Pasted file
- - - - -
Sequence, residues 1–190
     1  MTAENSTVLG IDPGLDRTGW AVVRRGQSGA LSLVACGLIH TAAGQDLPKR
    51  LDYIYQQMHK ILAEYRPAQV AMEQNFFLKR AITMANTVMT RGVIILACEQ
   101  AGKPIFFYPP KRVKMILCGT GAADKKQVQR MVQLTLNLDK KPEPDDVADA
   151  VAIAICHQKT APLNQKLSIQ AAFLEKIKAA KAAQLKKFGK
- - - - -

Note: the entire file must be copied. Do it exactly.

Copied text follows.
Sequence, residues 1–190
     1  MTAENSTVLG IDPGLDRTGW AVVRRGQSGA LSLVACGLIH TAAGQDLPKR
    51  LDYIYQQMHK ILAEYRPAQV AMEQNFFLKR AITMANTVMT RGVIILACEQ
   101  AGKPIFFYPP KRVKMILCGT GAADKKQVQR MVQLTLNLDK KPEPDDVADA
   151  VAIAICHQKT APLNQKLSIQ AAFLEKIKAA KAAQLKKFGK